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In English, we tend to specify the 'ch' sound in the word "loch", but not everyone even pronounces that correctly with some people giving it a 'k' sound which would be wrong. Still, we are used to saying "chi" for this letter and it is accepted by Duolingo.

They could specify the beginning 'h' sound in "Hannukah", but then we also spell it as "Chanukah". I agree that 'x' is a heavier, breathier sound than k, but if you tried to turn the k from a plosive sound to a fricative sound (rolled) you would at least be in the right place. 'h' sound is produced further down in the throat, while the the x and k are produced in the top back of the mouth in the "velar" area.

Many languages consider the 'j' sound to be what in English is more of a 'y' sound. Some dialects in Spanish may well use a similar sound for 'j' as in "ojo", but not everyone in Spanish uses 'j' for only that sound. Perhaps if they do the Greek from Spanish course, they should include it as a possible answer, but probably not from English.

Check the link that piguy3 gave above. In addition the IPA uses "x" for this sound "voiceless velar fricative".

If you click the right arrow in the following chart, you can see the rest of the chart, including "velar" sounds, and you can click on each IPA symbol to hear its sound. http://www.internationalphoneticalphabet.org/ipa-sounds/ipa-chart-with-sounds/ Here is a diagram to see where in the throat these sounds are made. https://en.wikipedia.org/wiki/Place_of_articulation The 'h' sound is a "voiceless glottal fricative".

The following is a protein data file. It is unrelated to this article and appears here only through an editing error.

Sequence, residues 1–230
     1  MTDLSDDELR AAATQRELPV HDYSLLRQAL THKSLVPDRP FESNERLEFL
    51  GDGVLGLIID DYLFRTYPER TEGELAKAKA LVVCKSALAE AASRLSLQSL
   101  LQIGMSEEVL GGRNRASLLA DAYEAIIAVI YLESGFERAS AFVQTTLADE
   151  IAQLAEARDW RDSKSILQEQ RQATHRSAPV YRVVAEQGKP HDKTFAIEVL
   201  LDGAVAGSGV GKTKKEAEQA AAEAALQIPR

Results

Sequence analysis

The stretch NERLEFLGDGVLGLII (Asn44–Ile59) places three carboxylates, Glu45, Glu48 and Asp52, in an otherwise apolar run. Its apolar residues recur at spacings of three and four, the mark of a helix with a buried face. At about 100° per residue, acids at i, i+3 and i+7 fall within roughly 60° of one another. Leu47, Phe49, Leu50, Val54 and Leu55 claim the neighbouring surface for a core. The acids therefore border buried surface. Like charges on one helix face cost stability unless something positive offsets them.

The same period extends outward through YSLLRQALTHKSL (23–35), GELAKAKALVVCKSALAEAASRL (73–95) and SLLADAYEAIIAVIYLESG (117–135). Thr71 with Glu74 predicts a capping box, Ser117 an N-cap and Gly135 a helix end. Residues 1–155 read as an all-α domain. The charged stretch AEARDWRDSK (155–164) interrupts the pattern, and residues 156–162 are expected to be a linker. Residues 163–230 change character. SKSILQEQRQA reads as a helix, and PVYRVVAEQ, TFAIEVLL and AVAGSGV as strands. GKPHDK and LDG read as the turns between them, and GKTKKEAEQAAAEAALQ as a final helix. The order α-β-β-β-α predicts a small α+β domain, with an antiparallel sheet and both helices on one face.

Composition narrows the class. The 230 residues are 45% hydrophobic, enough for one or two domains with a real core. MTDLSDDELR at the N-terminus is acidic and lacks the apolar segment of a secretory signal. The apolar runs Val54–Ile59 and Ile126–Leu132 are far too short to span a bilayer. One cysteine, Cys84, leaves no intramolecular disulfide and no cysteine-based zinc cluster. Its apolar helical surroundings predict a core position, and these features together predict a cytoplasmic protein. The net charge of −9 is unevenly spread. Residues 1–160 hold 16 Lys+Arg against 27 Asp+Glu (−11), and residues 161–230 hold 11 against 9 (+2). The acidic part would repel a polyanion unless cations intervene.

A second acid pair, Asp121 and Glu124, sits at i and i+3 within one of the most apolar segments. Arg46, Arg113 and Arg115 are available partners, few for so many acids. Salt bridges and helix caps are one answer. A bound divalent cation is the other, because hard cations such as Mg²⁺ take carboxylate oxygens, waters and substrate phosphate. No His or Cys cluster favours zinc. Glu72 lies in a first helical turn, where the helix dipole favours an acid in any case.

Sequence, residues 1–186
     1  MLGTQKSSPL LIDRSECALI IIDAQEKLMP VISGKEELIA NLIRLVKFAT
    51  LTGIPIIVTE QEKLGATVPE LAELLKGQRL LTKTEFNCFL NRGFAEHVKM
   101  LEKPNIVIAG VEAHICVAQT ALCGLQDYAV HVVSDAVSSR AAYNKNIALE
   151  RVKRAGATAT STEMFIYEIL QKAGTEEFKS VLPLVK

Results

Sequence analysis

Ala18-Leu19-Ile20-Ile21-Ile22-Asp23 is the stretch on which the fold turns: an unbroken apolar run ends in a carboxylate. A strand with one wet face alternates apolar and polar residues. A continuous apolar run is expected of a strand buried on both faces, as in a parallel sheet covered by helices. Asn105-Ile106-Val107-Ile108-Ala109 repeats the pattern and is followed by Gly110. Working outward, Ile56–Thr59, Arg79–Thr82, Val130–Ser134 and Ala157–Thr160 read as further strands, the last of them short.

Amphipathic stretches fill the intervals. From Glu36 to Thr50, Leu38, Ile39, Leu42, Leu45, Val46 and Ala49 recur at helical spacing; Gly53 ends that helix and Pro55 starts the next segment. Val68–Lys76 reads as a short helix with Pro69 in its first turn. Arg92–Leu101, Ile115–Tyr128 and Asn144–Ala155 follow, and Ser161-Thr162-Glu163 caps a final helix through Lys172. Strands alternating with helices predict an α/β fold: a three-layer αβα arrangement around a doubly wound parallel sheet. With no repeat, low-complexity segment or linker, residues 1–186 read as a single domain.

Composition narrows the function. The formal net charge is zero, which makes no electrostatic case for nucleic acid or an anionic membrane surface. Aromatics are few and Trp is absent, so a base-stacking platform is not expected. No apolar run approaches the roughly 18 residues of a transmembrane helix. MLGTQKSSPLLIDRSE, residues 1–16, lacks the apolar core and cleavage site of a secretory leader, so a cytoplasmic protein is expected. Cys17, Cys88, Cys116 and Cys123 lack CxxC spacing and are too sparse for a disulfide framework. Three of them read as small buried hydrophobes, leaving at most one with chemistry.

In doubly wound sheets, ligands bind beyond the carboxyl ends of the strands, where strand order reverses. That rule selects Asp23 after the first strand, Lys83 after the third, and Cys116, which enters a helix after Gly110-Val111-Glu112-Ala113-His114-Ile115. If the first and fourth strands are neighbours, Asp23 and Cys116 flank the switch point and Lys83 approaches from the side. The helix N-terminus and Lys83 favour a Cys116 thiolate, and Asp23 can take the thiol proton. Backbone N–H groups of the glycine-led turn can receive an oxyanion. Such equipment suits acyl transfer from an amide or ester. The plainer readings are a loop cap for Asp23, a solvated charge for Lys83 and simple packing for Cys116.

2 years ago

https://www.duolingo.com/piguy3
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Ah, seeing jaye's reply, I think I misunderstood your question. You were asking about pronunciation? Yes, there you may well be in luck: https://en.wikipedia.org/wiki/Voiceless_velar_fricative This precise sound doesn't exist in most varieties of English, but it does in major Spanish varieties.

2 years ago

https://www.duolingo.com/piguy3
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Not in English, I'd say. Obvioiusly, "j" in English represents a very different sound than Spanish, so "chi" it is. It's a familiar character for those in certain disciplines where it's generally pronounced "k-eye" (one syllable). /ˈkaɪ/ in IPA. Or, less commonly in my experience (possibly more frequent in religious contexts, not sure, but that's the one time I've heard it like this), "key" /ˈkiː/

2 years ago

https://www.duolingo.com/AnthonyMcW3

Objection. Chi is not "h" in any universe.

5 months ago

https://www.duolingo.com/jaye16
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In our efforts to describe the pronunciation of the Greek letter Χχ many English equivalents have been used including: "[h/chi/hi/hee/chee".

Check out so of these sources.

https://www.tripsavvy.com/learn-the-greek-alphabet-1525969

https://www.merriam-webster.com/dictionary/chi https://simple.wikipedia.org/wiki/Chi_(letter)

Also, check out the Greek Forum where you'll find other resources. https://forum.duolingo.com/topic/936

5 months ago